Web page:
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Understanding Cloud Pricing Part 4—Cloud TCO: Verified

July 27, 2015
Miles Ward

Director of Solution Architecture, Google Cloud

At our Google Cloud Next, I had an opportunity to talk with developers all over the world about what they’re struggling with, and one of the issues that’s always top of mind when evaluating cloud is cost. Not just list prices or discounts — what customers really want to understand is the long-term view of true cloud economics and the fiscal ramifications attached to the myriad of different ways you can build systems today. 

It turns out that even seasoned experts with years of infrastructure experience under their belts can often find the flexibility and performance/price ratio of cloud services extraordinarily difficult to compare to what they’re familiar with on-premise. There are a lot of very standard behaviors (capacity planning, supply chain management, real estate/facilities operations, decommissioning, etc) that are simply irrelevant in a cloud environment, and it can be difficult to recognize the degree to which unlearning these behaviors changes the game. 

My team has taken several approaches to help customers understand their costs in the cloud. What these efforts focus on is providing context and clarity. For example: Google Cloud Platform’s finely-grained, on-demand, pay-as-you-go, zero lock-in model is just different than other clouds, and helping customers understand those differences helps them make better choices. Or another: Google Cloud Platform provides cutting edge technology built on the incredible power of distributed software, machine learning, and fast, fast, fast gear, which delivers spectacular performance, and helping customers harness that performance for their applications is what my team is all about. We combine these two, a great model and great tech, at an outrageously low total cost of ownership; now that’s a design for success.

We’ve built an easy-to-use Pricing Calculator to help you estimate your monthly Google Cloud Platform bill and TCO tools for both compute and storage. We’ve also written several blog posts (1, 2, 3, 4) diving into specific examples where we can really compare and see how nuanced changes to implementations can make a big difference in TCO. And we’re not done: we’re continuing to update our pricing page and build tools that help customers optimize their systems for cost. Keep the feedback coming!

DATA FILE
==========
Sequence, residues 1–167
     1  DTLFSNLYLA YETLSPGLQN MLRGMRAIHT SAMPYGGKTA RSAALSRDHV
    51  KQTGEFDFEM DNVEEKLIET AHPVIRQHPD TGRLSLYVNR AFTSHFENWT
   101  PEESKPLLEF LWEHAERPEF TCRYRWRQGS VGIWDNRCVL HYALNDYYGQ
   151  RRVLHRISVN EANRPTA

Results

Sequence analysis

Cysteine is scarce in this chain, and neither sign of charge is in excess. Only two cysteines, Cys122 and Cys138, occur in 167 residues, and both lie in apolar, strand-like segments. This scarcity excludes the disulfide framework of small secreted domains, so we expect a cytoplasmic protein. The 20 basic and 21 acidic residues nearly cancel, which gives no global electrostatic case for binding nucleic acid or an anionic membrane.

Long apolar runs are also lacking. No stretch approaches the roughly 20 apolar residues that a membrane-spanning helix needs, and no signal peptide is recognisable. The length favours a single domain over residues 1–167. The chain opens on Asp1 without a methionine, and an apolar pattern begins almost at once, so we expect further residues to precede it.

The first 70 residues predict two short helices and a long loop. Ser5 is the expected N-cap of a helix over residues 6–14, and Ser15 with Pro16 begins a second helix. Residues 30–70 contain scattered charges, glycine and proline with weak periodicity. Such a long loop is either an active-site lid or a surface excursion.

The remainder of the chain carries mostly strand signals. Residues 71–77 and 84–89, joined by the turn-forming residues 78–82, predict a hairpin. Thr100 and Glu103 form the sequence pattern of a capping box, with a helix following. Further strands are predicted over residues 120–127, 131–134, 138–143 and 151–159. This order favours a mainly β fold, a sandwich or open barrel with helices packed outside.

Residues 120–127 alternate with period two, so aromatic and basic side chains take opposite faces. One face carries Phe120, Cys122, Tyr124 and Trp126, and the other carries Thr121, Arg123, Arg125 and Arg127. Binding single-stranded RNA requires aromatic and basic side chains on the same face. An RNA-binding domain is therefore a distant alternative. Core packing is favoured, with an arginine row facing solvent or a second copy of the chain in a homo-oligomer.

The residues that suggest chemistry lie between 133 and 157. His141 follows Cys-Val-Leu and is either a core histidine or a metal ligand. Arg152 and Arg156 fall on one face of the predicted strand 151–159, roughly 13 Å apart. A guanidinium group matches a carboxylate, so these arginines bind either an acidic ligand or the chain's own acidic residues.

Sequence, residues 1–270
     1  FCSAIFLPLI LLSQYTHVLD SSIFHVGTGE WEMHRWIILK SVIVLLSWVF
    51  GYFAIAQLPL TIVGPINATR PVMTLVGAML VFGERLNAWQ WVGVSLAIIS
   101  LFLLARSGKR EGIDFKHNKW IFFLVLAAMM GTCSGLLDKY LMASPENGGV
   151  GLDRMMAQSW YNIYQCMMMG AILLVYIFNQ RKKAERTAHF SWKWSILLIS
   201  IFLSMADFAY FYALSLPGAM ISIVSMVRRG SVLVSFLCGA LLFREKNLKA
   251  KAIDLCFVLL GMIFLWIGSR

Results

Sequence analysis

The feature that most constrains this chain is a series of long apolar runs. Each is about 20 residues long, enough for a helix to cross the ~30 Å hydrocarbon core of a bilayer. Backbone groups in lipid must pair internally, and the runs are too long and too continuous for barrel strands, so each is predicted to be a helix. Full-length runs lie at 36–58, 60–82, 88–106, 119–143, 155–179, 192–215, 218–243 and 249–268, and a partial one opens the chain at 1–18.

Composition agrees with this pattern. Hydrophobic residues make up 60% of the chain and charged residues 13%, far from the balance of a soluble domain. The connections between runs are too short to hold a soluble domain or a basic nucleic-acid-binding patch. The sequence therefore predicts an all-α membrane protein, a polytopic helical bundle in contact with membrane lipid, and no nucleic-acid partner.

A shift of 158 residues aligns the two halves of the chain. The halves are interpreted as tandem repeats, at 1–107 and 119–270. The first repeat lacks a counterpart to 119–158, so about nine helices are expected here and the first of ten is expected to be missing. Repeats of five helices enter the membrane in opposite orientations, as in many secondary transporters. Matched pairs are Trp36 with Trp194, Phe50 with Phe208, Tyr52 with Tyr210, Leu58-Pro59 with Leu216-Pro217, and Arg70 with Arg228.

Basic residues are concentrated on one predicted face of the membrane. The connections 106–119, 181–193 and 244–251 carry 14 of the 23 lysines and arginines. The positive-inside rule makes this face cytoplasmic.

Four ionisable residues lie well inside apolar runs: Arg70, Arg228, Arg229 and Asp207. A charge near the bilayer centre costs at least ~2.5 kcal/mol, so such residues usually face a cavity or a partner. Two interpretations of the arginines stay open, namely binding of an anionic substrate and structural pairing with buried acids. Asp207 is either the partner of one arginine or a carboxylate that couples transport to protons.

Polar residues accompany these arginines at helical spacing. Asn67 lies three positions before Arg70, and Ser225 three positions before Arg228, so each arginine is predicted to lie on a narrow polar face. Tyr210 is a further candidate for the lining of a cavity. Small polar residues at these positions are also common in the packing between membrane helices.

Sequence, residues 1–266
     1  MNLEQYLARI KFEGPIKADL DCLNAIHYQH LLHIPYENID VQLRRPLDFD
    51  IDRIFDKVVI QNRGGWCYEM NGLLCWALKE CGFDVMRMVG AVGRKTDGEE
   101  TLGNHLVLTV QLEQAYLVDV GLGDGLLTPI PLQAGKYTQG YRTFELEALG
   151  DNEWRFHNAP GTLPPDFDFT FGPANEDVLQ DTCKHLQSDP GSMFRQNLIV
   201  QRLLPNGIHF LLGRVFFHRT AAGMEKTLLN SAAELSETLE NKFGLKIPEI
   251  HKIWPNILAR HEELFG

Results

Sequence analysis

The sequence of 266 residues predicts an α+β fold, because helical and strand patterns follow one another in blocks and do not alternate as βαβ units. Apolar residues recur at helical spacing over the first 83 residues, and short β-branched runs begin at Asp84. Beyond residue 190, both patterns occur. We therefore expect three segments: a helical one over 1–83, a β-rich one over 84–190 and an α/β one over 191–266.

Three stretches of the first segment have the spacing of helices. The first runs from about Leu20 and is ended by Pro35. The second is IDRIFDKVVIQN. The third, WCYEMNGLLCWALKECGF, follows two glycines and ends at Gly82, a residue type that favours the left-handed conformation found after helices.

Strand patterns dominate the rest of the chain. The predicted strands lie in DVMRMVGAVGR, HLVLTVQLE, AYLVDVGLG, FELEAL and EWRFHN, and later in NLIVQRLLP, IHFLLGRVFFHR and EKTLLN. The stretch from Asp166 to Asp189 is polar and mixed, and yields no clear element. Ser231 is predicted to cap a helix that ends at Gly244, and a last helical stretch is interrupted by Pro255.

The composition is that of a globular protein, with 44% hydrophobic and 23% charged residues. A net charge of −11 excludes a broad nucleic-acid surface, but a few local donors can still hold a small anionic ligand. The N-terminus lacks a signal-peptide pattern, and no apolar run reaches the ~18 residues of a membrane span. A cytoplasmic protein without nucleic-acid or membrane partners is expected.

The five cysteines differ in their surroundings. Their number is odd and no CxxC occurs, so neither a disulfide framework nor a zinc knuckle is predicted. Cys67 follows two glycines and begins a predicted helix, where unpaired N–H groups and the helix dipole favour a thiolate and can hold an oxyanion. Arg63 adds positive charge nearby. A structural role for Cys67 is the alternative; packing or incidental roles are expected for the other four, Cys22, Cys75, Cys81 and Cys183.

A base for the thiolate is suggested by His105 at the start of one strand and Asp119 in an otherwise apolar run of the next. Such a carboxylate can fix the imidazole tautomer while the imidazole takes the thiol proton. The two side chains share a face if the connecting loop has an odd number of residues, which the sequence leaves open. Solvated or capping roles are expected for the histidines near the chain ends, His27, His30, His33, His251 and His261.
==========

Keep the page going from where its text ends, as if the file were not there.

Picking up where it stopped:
But our approach to price/performance goes well beyond just ensuring we have incredibly competitive list prices. We focus on delivering technical leadership in cloud economics, with innovations like automatic sustained use discounts, per-minute billing and flat-price preemptible VMs.

I play sousaphone, so I suppose it’s not too surprising that from time to time I’ll toot my own horn, but we definitely know that third party validation of these facts is crucial for any wise business or technical decision maker. Do not take all of your car advice from the Tesla engineer! 

Enterprise Strategy Group, an independent analyst firm with years of experience evaluating the price/performance of technology systems took a close look at the tools we’ve built and the statements we’ve made about TCO on Google Cloud Platform. These aren’t easy things to evaluate, but they took a very painstaking, deliberate, systematic approach to digesting our service, and following their own modeling and assumption setting (TCO evaluations are as much an exercise in constructing a justified framework of assumptions as they are in doing the math) have delivered a whitepaper analysis of TCO for Google Cloud Platform. For clarity, we commissioned and paid ESG to do this analysis but the method of evaluation was decided by them.


In many of the ways that we originally asserted our TCO advantage — and in a few new ones that ESG Lab has highlighted — this analysis validates our earlier work, which frankly is a big relief! It’s always nice to have bright, inquisitive folks check your work and give you the two thumbs up.

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